Carbon capture and storage (CCS) to remove CO2 is becoming an important technology to combat climate change. But how to get rid of the waste from the removal process? Bacteria might be the answer.
Carbon capture and storage (CCS) is becoming an important technology to combat climate change. In CCS, carbon dioxide (CO2) from power plants and industry is captured, compressed and stored in underground formations.
A full scale capture plant could remove as much as 1 million tonnes of CO2 per year, as it is already happening in BD3 SaskPower in Canada. At such scales, the amount of produced waste from the removal process becomes significant. However, an economic and efficient waste disposal system is not yet established.
Bacteria are commonly used to treat wastewater. Could it be possible to treat the waste from CSS too? This is what we investigated.
The CO2-removal process
CO2 can be captured by absorption to different chemicals, such as nitrogen (N)-containing amines. In this process, the flue gas from the power plants or industry is led through an absorber column where the gas meets the liquid amine solvent.
The CO2 in the gas is captured by the amine (absorbed) and the CO2-rich solvent is led to the second column, called the stripper column. Here, the CO2 is released and separated from the amine, making the solvent ready for reuse.
Are bacteria the answer for waste treatment?
During the absorption and stripping process, the solvent is reclaimed for reuse, but it will gradually be degraded due to side-reactions and heating.
Therefore, it is necessary to purify the solvent from time to time by removing the unwanted by-products as waste. This is essential for maintaining the CO2 capture capacity, as the accumulation of degradation products leads to operational problems.
The process waste contains mainly undegraded amine as well as other nitrogen compounds. We wanted to investigate if this waste could be biodegraded in a process called biological nitrogen removal (BNR). This is a two-step process called nitrification and denitrification, eventually resulting in non-toxic dinitrogen (N2) gas, as found at 78% in the air.
In the BNR process, two types of bacteria are used: Nitrifying bacteria and denitrifying bacteria. The nitrifying bacteria are more sensitive and require oxygen, while the denitrifying bacteria work under so called anoxic conditions utilizing nitrate for their respiration.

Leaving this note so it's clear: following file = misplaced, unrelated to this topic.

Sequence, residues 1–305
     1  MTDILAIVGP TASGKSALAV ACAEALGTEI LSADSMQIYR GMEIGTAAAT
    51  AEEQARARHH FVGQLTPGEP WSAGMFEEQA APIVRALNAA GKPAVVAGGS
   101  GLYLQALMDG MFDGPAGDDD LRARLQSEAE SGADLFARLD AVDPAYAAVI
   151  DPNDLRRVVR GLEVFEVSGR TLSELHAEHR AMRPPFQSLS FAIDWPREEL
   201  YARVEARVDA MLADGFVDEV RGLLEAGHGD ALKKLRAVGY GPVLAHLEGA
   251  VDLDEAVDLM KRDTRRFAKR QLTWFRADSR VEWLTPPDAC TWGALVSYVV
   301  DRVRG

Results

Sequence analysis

The most common amine at use for CCS so far, Monoethanolamine (MEA), and its reclaimer waste were successfully treated over a long-term period in the complete BNR process described above.
Other types of amines
For screening purposes, the biodegradability of different amines were measured with and without oxygen and results revealed big differences. For assessing the anoxic biodegradability, a new rapid and simple method was developed, applying syringes filled with biofilm carriers.
These feasibility studies were done in moving bed biofilm reactors (MBBRs). While the organic matter could be utilized by the denitrifiers, the nitrifying bacteria were inhibited at the same concentrations.
This highlights the importance of removing the organic matter within the anoxic denitrification step, before the waste reaches the aerobic nitrification step. This anoxic-aerobic process configuration of BNR is called pre-denitrification. Furthermore, we identified loading and biofilm composition as important limitation factors of the process.
Yes, bacteria can do the job
In total, this work shows that amine-based CCS waste can successfully be treated biologically with BNR processes.
This blog post is written by Ingrid Henry. She completed her PhD-degree at the Department of Biotechnology in December 2016.